As an artist, being asked to design the collector’s bolo for Prix de West is an honor in itself. For Paul Moore, being asked to design the 2020 Prix de West collector’s bolo on the heels of receiving both the Prix de West Purchase Award and Robert Lougheed Memorial Award in 2019, “It’s beyond anything I ever thought I’d get,” he said.
“I’m just tickled pink to receive any of them, let alone all of them,” Moore said about receiving the Prix de West honors in 2019 as well as the bolo commission this year. “For me, as well as for any artist in Prix de West, it’s a great honor just to be a participant of the show. The awards are just icing on the cake.”
Making the icing on the cake a bit sweeter for Moore is that it all takes place in his home state of Oklahoma – the place where his life was changed by first being exposed to Western art.
“Growing up in small communities (in Oklahoma), the only museum I ever visited – I never went to an art gallery or met an artist – the only museum I ever went to was the Cowboy Hall of Fame one time, and it changed my life,” Moore said, citing the National Cowboy Museum’s previous name. “So the Cowboy Hall was a major, major influence on me. It’s really why I am where I am today.”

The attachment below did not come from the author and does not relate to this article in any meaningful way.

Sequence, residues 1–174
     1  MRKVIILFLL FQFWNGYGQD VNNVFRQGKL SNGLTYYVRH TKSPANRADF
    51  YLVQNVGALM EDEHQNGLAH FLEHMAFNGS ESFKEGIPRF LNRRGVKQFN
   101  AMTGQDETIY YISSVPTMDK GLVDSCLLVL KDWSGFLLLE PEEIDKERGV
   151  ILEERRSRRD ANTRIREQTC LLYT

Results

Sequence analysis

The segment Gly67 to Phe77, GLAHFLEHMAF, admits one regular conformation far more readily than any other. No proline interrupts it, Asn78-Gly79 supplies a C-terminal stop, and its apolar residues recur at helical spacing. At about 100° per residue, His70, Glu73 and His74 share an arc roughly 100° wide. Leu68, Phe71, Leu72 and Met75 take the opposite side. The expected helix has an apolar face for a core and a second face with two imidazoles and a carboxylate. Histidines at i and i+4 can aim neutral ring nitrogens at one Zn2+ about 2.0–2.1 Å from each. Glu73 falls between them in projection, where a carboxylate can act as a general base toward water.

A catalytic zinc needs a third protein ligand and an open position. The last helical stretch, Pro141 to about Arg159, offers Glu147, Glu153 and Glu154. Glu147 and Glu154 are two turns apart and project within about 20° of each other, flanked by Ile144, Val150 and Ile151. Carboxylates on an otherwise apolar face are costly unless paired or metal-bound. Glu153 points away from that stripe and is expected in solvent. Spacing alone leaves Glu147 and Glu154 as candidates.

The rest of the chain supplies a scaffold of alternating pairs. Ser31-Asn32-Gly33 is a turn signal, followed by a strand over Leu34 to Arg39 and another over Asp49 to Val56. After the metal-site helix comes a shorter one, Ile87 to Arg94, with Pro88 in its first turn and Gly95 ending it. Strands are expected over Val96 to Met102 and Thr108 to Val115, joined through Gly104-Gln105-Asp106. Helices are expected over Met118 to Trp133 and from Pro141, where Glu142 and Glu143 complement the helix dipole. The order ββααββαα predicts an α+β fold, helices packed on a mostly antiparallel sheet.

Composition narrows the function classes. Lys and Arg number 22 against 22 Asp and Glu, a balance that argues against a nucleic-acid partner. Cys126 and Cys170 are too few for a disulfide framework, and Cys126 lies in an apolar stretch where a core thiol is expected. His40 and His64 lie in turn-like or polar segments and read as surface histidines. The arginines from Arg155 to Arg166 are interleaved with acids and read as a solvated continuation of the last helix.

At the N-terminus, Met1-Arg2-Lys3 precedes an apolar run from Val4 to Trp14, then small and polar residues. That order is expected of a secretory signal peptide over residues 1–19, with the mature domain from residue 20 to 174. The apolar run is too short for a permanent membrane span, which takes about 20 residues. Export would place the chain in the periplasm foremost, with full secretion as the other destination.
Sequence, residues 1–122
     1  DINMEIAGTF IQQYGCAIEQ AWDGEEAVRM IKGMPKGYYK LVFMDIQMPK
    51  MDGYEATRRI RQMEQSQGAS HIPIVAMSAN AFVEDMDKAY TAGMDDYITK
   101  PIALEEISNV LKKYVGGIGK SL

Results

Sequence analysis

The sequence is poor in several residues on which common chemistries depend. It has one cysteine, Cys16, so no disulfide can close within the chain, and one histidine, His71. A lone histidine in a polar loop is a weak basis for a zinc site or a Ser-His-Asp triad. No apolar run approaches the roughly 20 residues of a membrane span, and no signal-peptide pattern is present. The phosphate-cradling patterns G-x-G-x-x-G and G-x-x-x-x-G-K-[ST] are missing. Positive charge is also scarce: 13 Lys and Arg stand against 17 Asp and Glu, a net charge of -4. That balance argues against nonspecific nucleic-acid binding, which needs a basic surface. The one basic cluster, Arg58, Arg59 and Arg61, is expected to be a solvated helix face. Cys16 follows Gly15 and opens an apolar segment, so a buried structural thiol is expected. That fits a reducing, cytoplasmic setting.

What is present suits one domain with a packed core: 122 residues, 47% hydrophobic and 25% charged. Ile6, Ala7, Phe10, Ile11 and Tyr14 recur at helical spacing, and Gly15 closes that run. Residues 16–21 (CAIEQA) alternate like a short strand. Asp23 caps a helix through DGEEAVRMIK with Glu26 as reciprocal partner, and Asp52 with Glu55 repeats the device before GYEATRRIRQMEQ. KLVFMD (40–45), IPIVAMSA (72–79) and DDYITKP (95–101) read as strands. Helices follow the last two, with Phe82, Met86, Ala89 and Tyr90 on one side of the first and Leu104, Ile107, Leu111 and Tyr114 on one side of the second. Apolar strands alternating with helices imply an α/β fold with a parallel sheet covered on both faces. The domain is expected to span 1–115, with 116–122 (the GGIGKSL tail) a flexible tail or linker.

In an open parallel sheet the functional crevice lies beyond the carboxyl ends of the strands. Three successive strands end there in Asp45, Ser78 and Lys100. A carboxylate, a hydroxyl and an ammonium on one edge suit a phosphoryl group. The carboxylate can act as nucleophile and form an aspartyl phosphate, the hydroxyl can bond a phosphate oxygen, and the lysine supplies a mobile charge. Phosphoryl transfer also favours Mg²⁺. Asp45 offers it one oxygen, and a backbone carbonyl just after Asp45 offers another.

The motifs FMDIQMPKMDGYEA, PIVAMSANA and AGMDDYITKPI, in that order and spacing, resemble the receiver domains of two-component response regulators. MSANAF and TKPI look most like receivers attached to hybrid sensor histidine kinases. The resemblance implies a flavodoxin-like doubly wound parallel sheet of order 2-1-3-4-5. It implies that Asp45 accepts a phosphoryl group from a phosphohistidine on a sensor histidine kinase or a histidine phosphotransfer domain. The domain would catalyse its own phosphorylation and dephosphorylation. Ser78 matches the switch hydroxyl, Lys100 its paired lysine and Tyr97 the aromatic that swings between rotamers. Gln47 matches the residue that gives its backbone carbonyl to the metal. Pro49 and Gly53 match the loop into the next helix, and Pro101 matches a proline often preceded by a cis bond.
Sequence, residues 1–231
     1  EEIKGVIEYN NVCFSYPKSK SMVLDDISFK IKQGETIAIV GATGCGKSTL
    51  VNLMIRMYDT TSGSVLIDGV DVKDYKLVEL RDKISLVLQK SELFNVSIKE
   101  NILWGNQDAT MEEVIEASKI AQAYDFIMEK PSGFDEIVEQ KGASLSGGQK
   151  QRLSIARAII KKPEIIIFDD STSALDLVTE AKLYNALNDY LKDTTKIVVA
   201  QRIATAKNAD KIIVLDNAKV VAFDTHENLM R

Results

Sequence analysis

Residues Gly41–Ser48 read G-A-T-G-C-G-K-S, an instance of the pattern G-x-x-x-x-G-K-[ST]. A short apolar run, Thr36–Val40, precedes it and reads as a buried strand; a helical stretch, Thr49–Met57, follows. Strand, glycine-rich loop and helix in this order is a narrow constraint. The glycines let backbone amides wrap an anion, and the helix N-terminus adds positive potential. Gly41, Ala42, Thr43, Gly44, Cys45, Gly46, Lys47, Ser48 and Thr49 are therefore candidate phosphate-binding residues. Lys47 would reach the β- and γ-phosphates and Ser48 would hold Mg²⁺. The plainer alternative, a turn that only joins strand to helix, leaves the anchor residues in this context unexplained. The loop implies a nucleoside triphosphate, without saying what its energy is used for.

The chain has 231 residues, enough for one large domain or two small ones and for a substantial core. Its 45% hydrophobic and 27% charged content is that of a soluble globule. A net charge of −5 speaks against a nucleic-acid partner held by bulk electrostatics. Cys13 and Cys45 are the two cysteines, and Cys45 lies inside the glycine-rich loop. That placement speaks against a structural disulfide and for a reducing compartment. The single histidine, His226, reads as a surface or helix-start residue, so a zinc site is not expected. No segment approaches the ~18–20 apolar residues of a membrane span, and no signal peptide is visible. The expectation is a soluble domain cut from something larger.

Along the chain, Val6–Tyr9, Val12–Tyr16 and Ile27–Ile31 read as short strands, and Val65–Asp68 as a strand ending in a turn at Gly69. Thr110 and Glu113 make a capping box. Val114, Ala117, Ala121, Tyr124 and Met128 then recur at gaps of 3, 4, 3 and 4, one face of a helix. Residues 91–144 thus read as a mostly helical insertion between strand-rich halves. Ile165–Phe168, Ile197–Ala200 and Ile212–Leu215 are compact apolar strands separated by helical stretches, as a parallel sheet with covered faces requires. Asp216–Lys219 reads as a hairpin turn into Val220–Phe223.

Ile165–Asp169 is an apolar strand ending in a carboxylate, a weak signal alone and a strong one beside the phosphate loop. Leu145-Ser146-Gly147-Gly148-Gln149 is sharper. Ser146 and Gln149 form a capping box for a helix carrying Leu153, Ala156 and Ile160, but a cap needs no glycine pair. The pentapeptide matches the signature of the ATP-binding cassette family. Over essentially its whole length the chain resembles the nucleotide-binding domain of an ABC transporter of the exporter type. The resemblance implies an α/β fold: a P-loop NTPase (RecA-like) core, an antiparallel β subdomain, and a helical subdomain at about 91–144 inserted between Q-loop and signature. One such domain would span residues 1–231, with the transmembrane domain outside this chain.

When asked to design the 2020 collector’s bolo, Moore said he wanted to create an image that was related to the Southwest and very unique to previous years’ designs. He chose the Kokopelli — not only because of its popularity, but also because of the chance it afforded Moore to educate, which he said has always been a major goal with his art.
“The Kokopelli is probably the best known kachina and, at the same time, one of the least known,” Moore said. “Its popular image of the humpback flute player is taken from an Anasazi cave drawing and has little to do with the actual look of the real kachina.”
The actual Kokopelli kachina is associated with fertility, good luck, joy, seasonal change and plentiful rain leading to an abundant harvest, Moore said. “With its phallic mask, the Hopi’s legends say the Kokopelli carries unborn children on his back (thus the humpback) and distributes them to women; because of this, young women have a tendency to fear him,” he said. “Those that wish to become pregnant have a tendency to rub against him during ceremonies.”
As for the flute, Moore said, the Kokopelli’s music is believed to change winter to spring, bringing good rain and crops.
To order your 2020 collector’s bolo, visit the Museum Store.
A limited number of Paul Moore’s 2020 Prix de West collector’s bolos were finished in gold for presentation to Dally Horn Circle and Prix de West Patrons’ Circle members. Prix de West Society members receive special silver-finished collector’s bolos. Learn more about becoming a Prix de West Society member.